Martin Lawrence, Will Smith

Will Smith and Martin Lawrence in a scene from “Bad Boys for Life.” Ben Rothstein/Columbia Pictures-Sony via AP

After turning in the first two greatly beloved, operatically souped-up action opuses in the “Bad Boys” franchise, everyone’s favorite gearhead maximalist auteur Michael Bay is no longer behind the camera for the third, “Bad Boys for Life” (though he is in front of it, briefly). Not to worry though, as Belgian filmmaking duo Adil El Arbi and Bilall Fallah, clearly devoted students of Bay’s style, craft a wonderful facsimile of his greatest hits, from his swirling low-angle dolly shots to capturing the glorious clash of sunset and neon that screams Miami. From the very first sequence of a screeching Porsche burning up the streets of South Beach, El Arbi and Fallah prove that as directors, they have the horsepower to match Bay, if not the grace yet. Nevertheless, their first major American feature outing is a loving and skillful tribute to pure ’90s action cinema, and it’s a hoot for fans of the franchise.

That’s largely because Martin Lawrence is back, baby! After popping up in a small but memorable role in Harmony Korine’s “The Beach Bum” last year, Lawrence returns to full-blown movie stardom and walks away with “Bad Boys for Life,” reminding audiences what a crucial element he is to the unique mix of action and comedy that makes the “Bad Boys” work. The yin and yang, push and pull of the soft goofball Marcus (Lawrence) and his partner, the hardened Mike (Will Smith), is thrown into even starker relief when Marcus becomes a grandfather. His desire to retire clashes with Mike’s quest for vengeance after being shot by a mysterious motorcyclist, testing the whole “for life” part of the pals’ mantra. Forget boyhood; Marcus just wants to see them become a few “good men.”

Longtime Miami cop Mike has a few South American drug cartel enemies who might want to see him dead. But for this particular assassin, it’s personal, and after facing death, Mike loses his already tenuous grasp on his own cool. In the process, the bad boys have to learn a few new tricks from some younger, high-tech, less lethal new dogs (Vanessa Hudgens, Charles Melton, Alexander Ludwig). The script, by Chris Bremmer, Peter Craig and Joe Carnahan, relies on a few too many twists and bait-and-switches that don’t even feel manipulative, just unearned. Probe its depths and politically it’s a bit problematic, but El Arbi and Fallah throw enough surface pleasures like gorgeous Miami time-lapses, rosy vistas and bonkers action sequences at the audience to distract from inspecting anything below.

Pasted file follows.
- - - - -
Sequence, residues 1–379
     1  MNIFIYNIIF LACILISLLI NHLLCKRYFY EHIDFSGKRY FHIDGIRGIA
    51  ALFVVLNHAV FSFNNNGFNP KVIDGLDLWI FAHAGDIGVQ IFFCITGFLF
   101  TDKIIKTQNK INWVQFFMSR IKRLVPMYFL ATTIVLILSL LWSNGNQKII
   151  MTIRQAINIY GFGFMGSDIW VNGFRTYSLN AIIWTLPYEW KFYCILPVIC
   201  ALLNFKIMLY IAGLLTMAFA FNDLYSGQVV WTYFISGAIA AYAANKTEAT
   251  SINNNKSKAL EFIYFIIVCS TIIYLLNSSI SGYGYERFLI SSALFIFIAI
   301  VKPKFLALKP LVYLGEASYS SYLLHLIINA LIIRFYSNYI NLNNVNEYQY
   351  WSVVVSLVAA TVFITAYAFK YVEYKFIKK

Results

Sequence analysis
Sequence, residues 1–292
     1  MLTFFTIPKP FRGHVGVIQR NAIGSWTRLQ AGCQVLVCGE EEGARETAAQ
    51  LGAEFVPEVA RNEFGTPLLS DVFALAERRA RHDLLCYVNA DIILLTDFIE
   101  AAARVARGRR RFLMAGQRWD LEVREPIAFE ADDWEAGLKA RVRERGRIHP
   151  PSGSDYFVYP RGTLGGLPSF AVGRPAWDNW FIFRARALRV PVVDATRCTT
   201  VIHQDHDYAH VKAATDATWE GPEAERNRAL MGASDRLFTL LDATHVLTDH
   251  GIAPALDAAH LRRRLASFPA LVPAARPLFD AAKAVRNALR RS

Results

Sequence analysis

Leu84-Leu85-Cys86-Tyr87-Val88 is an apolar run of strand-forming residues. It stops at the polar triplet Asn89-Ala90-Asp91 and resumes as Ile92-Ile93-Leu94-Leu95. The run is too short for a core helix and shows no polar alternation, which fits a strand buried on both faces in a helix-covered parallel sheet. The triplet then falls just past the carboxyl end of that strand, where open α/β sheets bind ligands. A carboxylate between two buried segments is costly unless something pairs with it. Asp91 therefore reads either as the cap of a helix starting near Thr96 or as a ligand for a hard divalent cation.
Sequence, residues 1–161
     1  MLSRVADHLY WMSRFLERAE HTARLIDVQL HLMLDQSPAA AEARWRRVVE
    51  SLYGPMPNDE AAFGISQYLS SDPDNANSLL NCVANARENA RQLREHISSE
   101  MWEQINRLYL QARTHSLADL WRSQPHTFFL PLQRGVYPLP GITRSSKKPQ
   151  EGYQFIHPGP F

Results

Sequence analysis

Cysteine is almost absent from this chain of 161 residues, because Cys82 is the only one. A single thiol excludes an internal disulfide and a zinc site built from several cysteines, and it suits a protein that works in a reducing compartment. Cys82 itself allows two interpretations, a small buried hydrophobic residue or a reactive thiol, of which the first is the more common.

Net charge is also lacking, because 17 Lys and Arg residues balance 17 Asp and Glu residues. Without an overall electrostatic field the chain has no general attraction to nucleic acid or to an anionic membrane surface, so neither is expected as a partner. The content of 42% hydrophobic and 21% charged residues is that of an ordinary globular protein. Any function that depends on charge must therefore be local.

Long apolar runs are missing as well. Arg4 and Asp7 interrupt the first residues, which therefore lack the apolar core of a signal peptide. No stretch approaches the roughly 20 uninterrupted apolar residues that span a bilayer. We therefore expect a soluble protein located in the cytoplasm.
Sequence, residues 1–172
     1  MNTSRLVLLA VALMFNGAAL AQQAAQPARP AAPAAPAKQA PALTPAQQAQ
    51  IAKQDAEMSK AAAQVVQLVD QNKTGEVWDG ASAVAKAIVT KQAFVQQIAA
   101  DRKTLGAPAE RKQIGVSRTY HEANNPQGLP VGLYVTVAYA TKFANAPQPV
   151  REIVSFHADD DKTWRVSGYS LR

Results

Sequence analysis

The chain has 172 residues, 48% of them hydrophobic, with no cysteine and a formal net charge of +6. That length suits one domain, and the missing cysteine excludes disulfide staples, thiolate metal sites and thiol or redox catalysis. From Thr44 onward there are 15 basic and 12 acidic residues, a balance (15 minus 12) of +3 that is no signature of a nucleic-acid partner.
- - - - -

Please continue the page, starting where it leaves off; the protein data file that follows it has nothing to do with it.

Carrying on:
The film is lensed beautifully by their longtime cinematographer Robrecht Heyvaert, who also shot the insanely stunning French feminist revenge horror flick “Revenge.” “Bad Boys for Life” delivers the kind of richly textured visual eye candy that expresses a hyperreal sense of place and a tone. It’s an aesthetic all too often lost in the gray blur of CGI that passes for action filmmaking these days. That’s why the ’90s throwback vibe of “Bad Boys for Life” is so refreshing: El Arbi and Fallah predominantly use practical stunts, sets and effects; the action is plotted crisply and carefully. One night sequence featuring a motorcycle and sidecar, helicopter and rocket launcher rivals even Bay’s jaw-dropping bridge car chase from “Bad Boys II.”

El Arbi and Fallah have done seemingly the impossible. They’ve taken over an action franchise 17 years after the last installment and made a film that’s a delightfully dizzying love letter to action filmmaking of yore, while respectfully preserving the franchise’s best elements. It really makes you believe that these bad boys just might actually be for life.

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